On Jan 29, 2016 6:20 AM, "Øyvind Kolås" <pip...@gimp.org> wrote:
> GEGL is doing single precision 32bit floating point processing for all
> operations, thus should not introduce the type of quantization
> problems 8bpc/16bpc pipelines introduce for multiple filters - at the
> expense of much higher memory bandwidth - the GEGL tile cache size
> (and swap backend) should be tuned if doing benchmarks. If this
> benchmark is similar to one done years ago, VIPS was being tested with
> a hard-coded 8bpc 3x3 sharpening filter while GEGL was rigged up to
> use a composite meta operation pipeline based unsharp mask using
> gaussian blur and compositing filters in floating point. These factors
> are probably more a cause of slow-down than the startup time loading
> all the plug-in shared objects, which still takes more than a second
> on my machine per started GEGL process.

Ah so this is interesting. So I feel like rather than removing gegl from
that list of benchmarks, it would be better to build more benchmarks,
especially ones that call out all the advantages of gegl. E.g. minimal
updates, deep pipeline accuracy, etc.

It is worth calling out gegls limitations and being honest with them for
three reasons.  First, they are not fundamental to the design of gegl. Just
having a vips backend proves that. Second, a lot of the tricks vips does,
gegl really can learn from, and having benchmarks that do not look so good
is a great way to call out opportunities for improvement. And third,
benchmarks help users make good decisions about whether gegl is a good fit
for their needs. Transparency is one of the deeply valuable benefits of
open source.

In terms of technical projects I feel having this benchmark and the
discussion about it inspires:

   - Gegl could load plugins in a more demand driven way, reducing startup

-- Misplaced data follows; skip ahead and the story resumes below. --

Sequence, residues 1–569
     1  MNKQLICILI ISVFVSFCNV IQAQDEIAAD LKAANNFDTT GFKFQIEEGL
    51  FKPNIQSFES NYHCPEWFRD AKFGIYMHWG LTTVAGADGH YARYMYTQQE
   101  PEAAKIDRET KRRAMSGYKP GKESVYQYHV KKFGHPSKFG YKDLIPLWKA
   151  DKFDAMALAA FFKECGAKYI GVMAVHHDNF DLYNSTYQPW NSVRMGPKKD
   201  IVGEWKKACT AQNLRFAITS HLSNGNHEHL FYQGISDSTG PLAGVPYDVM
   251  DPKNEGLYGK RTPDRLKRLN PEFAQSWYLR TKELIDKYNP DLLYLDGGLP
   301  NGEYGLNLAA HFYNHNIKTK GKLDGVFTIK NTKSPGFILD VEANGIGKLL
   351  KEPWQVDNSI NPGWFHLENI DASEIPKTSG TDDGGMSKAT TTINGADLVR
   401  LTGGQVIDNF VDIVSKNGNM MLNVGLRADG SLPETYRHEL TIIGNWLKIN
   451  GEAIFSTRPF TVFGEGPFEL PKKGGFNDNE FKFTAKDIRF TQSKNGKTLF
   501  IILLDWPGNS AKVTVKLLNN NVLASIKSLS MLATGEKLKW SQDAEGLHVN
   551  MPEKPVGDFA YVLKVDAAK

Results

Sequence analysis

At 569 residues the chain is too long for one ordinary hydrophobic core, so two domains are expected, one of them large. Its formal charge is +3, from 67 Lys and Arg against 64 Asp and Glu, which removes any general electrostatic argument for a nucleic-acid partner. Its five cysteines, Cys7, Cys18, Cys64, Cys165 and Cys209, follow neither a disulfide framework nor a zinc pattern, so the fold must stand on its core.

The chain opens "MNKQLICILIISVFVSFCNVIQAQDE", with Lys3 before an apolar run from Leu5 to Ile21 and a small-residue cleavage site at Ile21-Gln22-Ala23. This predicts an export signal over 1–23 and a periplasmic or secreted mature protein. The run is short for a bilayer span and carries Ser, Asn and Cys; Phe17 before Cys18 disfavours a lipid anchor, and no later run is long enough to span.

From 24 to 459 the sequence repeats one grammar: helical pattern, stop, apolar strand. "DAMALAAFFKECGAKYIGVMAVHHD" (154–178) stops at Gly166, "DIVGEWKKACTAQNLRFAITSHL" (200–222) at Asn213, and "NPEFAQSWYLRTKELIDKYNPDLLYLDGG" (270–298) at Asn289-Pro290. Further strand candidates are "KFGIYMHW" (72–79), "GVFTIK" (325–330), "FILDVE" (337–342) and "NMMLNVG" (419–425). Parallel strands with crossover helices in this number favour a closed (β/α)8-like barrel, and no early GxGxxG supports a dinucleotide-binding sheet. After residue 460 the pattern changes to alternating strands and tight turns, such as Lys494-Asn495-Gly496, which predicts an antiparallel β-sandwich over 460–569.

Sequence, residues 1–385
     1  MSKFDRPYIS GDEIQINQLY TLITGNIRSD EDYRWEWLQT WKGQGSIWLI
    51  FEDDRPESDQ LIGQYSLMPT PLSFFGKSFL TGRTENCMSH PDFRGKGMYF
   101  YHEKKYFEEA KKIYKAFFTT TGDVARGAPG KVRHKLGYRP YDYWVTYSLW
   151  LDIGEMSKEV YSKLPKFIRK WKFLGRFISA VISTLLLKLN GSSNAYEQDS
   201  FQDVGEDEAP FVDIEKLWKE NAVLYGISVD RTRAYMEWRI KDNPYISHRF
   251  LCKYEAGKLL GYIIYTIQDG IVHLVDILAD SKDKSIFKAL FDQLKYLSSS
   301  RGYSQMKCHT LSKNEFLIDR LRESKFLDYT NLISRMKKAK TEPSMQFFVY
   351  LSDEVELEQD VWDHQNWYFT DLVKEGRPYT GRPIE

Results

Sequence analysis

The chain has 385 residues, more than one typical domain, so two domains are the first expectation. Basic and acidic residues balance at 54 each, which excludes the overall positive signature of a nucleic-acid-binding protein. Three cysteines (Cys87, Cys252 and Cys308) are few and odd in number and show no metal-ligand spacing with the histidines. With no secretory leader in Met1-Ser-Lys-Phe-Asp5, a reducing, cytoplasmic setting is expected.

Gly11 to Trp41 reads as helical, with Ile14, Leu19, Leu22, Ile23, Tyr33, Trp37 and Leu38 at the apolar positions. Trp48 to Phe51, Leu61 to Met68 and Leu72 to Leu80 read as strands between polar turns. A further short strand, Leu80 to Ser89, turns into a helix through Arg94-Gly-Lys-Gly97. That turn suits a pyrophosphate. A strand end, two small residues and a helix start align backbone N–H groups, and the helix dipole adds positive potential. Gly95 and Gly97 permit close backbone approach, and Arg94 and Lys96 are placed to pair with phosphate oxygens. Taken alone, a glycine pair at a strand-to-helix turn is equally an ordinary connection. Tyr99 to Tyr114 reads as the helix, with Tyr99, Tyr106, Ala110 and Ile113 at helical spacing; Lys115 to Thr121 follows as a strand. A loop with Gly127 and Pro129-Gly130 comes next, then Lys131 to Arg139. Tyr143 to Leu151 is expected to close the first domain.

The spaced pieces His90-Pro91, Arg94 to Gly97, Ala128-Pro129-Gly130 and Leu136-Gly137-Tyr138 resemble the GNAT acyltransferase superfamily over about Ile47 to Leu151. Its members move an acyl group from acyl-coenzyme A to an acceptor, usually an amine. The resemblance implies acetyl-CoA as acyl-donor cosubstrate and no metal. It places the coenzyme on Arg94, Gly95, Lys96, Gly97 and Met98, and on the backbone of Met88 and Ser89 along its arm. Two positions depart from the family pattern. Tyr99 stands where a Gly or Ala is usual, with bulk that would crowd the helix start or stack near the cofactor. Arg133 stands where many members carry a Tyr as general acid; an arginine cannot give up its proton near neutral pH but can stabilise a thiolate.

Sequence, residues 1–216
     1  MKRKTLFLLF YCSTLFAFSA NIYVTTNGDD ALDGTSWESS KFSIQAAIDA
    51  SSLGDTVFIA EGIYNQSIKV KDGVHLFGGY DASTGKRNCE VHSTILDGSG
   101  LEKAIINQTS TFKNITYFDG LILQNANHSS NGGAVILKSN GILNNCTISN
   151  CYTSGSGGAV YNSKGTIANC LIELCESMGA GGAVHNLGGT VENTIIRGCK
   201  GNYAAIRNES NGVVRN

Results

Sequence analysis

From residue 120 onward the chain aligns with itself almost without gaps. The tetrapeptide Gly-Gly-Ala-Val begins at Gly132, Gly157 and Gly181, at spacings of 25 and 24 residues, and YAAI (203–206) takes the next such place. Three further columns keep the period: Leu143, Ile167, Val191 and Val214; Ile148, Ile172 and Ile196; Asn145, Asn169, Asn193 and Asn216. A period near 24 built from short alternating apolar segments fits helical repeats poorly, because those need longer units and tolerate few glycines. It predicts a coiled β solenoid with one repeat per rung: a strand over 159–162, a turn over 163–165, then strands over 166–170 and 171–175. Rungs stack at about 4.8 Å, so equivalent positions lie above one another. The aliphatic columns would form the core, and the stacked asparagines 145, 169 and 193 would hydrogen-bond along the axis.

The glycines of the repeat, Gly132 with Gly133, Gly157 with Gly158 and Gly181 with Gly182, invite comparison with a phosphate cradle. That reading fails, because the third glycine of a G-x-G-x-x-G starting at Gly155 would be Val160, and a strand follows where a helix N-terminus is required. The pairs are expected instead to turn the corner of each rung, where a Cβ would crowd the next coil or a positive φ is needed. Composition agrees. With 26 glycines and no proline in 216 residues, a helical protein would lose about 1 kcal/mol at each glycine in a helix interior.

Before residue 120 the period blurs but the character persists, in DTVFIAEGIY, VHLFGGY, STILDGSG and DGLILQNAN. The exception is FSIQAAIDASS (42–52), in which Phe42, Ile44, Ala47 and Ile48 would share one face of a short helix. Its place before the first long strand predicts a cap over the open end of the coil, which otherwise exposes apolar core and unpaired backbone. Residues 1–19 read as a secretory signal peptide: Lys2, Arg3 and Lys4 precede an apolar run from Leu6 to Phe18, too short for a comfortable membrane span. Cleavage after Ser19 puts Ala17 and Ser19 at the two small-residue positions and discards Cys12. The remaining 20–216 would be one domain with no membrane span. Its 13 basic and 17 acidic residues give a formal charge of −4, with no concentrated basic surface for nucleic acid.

- Gegl could have multiple pipelines optimized for different use cases.
   - A fast 8 bit pipeline is great for previews or single operation
   stacks, or when accuracy is not as important for the user.
   - Better threading, including better I/O pipelining is a great idea to
   lift from vips.
   - Anyone can do dynamic compilation nowadays with llvm.  Imagine taking
   the gegl dynamic tree, and compiling it into a single LLVM dynamically
   compiled function.

So if any of the above actually appear in patch sets, then we, at least
partially, have this benchmark to thank for motivating that.  I can see
ways in which any one of the above projects can benefit GIMP as well. And
in terms of transparency and user benefit, , the vips developers' benchmark
also makes me think that there really should be a set of benchmarks that
call out the concrete user benefits for gegl.  E.g. higher accuracy,
especially for deep pipelines.  If these benefits exist it must be possible
to measure them, and show how gegl truly beats out everyone else it it's
areas of focus.  In a very reals sense, vips is doing exactly what they
should be.  They are saying "if speed for a single image one-and-done
operation is what you need vips is your tool, and gegl really isn't."  That
sounds like an extremely fair statement to me right now, until some of
gegls limitations in this area are addressed.  And long term, why not?

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